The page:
Your Guide To: Basil

Everything you need to know to care for this sun-loving potted herb.

Growing your own basil plant is a great way to support your pesto habit, but this sweet and savory herb is capable of so much more. Fresh or dried, basil is a perfect partner for tomatoes — think bruschetta, marinara sauce, and caprese salads or sandwiches — and plays a natural part in most Italian dishes. Plus it's delicious with fresh fruit and is a vibrant addition to salads, vinaigrettes, cocktails, and desserts.

Basil's simple elegance and great aroma make it a joy to have as part of your home decor. Enjoy cut stems in a small glass or vase of water as you're preparing your pizza or pasta meal to dial up the ambience.

How to Keep a Basil Plant Happy

Basil is traditionally grown outdoors, but it will thrive inside if it gets enough light. As a low-maintenance plant and a highly versatile herb, basil is a great choice for first-time gardeners and cooks of all levels.

How Much Lighting Does a Basil Plant Need?

Basil plants are sun lovers. They will be happiest and most productive on a sunny sill, preferably on a south-facing or even west-facing window where they can enjoy direct sunlight for six or more hours. If your basil plant doesn't seem to be getting enough light, you can add a fluorescent lamp or even a grow light to its environment to help.

How Do I Know When To Water My Basil Plant?

Basil likes well-drained soil that feels moist, but not soggy. During peak growth times in spring and summer, you may need to water every day. You'll know it's time when the top 25% of soil is dry. Use your finger to test or take the guesswork (and your finger) out of it, and use a plant moisture indicator from our shop.

To water, use a small container or watering can to pour water out slowly, directly onto the soil, moving in a clockwise motion to evenly water the plant's roots. Be sure to dump any extra water that drips into the tray at the bottom of your plant so the roots don't sit in it.

How Do I Use Plant Food for My Basil Plant?

Plant food is an important part of fostering healthy growth and new leaves as your plant settles into its new digs.

For a kitchen-sized basil plant in a container that's 5-7 inches in diameter, insert the number of plant food spikes (included with your Greendigs plant purchase) indicated in the package directions into the soil once every month during spring and summer. In fall and winter your basil plant's growth will be slow so you only need to feed it every two months. Yes, even though your plant lives inside, it still experiences the seasons.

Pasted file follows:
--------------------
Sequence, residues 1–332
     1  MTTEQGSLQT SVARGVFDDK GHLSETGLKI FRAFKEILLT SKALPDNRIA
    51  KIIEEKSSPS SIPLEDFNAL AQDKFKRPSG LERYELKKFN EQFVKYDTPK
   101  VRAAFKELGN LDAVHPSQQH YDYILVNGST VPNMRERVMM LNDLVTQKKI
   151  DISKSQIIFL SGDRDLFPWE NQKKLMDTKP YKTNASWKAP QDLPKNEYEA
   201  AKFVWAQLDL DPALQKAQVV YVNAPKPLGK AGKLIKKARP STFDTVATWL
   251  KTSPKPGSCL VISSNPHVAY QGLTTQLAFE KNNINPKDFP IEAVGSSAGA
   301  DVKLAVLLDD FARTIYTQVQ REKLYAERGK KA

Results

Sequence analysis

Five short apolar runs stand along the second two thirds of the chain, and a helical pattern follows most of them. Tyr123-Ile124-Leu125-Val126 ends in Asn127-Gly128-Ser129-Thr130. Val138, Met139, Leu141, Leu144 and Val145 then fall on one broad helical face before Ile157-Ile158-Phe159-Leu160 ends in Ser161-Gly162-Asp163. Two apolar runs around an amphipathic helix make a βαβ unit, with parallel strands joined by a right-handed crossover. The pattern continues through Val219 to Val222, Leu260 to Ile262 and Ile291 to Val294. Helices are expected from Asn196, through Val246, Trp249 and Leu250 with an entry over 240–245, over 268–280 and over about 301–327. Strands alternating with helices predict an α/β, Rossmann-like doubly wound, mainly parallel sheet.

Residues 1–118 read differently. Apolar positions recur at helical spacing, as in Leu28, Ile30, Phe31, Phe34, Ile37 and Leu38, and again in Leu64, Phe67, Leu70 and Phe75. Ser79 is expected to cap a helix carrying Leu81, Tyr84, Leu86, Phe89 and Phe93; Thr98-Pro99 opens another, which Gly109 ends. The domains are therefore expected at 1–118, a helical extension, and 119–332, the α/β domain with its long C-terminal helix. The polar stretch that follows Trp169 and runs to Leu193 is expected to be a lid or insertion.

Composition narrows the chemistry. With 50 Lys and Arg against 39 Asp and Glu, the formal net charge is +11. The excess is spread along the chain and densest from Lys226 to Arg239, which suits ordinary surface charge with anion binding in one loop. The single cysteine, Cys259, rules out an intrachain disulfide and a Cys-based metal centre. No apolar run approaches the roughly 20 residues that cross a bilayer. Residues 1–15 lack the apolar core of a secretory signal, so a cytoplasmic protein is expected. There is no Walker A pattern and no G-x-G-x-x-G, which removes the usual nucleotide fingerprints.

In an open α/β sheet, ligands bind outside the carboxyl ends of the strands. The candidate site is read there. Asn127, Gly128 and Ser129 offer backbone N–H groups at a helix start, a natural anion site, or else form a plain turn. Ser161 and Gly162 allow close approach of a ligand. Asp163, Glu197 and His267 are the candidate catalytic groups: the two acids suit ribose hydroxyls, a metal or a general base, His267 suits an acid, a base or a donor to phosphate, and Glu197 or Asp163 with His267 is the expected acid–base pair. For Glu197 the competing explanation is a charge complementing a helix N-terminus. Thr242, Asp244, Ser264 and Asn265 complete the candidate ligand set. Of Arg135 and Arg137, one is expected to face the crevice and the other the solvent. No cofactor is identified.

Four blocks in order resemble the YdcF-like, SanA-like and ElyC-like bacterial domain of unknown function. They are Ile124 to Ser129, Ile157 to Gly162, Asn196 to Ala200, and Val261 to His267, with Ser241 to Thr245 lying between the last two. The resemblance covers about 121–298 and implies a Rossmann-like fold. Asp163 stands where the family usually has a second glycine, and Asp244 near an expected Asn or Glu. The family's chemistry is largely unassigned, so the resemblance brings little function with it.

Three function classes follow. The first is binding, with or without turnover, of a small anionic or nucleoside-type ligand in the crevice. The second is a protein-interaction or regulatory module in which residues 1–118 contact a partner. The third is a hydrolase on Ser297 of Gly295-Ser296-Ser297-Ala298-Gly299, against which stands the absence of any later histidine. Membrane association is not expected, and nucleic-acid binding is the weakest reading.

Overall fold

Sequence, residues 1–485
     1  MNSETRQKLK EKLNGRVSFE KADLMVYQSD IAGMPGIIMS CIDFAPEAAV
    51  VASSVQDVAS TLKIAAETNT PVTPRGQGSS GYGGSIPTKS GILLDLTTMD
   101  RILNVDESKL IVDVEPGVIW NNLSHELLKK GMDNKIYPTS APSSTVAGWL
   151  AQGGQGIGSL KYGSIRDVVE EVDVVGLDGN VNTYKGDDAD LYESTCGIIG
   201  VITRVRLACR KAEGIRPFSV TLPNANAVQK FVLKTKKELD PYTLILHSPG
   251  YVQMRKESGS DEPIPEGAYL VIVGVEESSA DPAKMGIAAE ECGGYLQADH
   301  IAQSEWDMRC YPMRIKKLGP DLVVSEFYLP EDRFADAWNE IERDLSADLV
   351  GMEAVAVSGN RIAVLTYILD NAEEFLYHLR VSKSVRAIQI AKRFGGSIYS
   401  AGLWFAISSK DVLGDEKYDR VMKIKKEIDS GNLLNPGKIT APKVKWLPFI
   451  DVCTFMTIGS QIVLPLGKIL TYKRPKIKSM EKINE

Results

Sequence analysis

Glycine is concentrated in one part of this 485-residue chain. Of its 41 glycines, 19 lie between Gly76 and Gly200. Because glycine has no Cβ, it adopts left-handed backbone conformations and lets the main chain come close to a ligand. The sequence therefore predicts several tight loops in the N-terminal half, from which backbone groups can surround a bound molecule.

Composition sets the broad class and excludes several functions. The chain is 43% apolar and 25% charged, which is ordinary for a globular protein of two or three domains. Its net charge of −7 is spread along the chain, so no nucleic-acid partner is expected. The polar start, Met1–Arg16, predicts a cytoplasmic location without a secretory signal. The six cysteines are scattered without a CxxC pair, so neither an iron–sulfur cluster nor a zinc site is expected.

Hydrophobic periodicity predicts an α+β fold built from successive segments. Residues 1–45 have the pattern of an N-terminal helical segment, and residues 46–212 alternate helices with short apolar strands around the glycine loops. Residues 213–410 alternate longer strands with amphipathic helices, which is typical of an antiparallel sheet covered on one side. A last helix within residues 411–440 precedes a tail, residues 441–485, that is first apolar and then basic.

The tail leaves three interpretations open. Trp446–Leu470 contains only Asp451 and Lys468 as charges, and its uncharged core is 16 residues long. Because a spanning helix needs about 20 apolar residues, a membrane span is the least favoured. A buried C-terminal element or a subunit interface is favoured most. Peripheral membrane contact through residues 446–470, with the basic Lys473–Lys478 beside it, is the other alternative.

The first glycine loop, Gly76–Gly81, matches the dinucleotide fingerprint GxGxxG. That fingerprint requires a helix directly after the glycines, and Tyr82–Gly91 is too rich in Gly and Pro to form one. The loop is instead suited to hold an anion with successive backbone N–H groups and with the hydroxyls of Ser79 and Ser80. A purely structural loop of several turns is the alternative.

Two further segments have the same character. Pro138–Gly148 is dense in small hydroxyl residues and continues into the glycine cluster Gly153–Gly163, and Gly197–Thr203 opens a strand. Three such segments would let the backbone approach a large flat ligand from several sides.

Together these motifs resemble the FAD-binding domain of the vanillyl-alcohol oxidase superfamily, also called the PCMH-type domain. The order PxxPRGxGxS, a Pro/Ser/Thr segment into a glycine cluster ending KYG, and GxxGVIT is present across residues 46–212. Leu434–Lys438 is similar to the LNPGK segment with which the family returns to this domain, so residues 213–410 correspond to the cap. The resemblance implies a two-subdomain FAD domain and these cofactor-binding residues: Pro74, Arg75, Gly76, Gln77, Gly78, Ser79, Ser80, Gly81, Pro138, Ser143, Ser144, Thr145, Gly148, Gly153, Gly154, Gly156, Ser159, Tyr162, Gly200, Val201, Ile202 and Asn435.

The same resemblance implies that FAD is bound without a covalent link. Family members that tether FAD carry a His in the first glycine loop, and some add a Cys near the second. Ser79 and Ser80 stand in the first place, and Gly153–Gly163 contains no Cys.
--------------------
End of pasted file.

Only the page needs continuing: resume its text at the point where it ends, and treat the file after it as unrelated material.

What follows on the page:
What Is a Basil Plant's Ideal Environment?

Basil plants do well when they can absorb water from the air. Misting your basil plant a few times a week is also beneficial.

Good air flow around your basil plant is important to prevent fungus. Also, basil plants are sensitive to the cold. For the best growth, keep the average room temperature in your home between 60 and 80 degrees, and keep your basil plant out of drafty areas.

How Do I Prune and Maintain My Basil Plant?

Your Greendigs basil plant is fairly low-maintenance, but benefits from occasional pruning. Trimming off the top of the plant encourages new growth. Pinching the growing points creates a bushier, more compact plant. Snip off any flowering stems as soon as you spot them — likely mid-summer — to promote new, good-tasting leaves. Keep a pair of pruning shears on hand and this job will be a little easier.

Each time you water your basil plant, rotate the container a quarter turn. This way you'll make sure it gets the same amount of light on all sides. Our plant trivet set makes this easy and stylish, too.

How Do I Harvest My Basil Plant?

Your basil plant will be ready to harvest as soon as it arrives. Pick only what you need to use in the moment to ensure the freshest, best-tasting results. Also be sure not to harvest more than one-third of the plant at a time. You can pluck basil leaf by leaf and use the fresh leaves any way you’d like.

You can also store fresh-cut stems of basil in a glass jar or small vase with room temperature water — like fresh-cut flowers — for up to five days. Keep basil out of the refrigerator, where it will turn brown.

You can set basil leaves on your kitchen counter to let them dry out for a bit, or use a food dehydrator to make it more like what you’d find in a spice jar.

For a little extra help in the kitchen, try using our Pull and Pinch Herb Harvester to quickly and easily separate the leaves from their stems.

How to Address Common Basil Plant Issues

  • Wilting leaves could be a sign that you are underwatering your basil plant.
  • Yellowing, drooping leaves may mean your plant is overwatered (if you've watered it in the last couple days). If this happens, stop watering and make sure your basil plant is in a sunny spot where it can dry quickly.

What to Do If You Still Have Questions

If your basil plant doesn't seem to feel at home in your space, we're here to help. Chat live with a Greendigs representative on our website or shoot us an email at [email protected].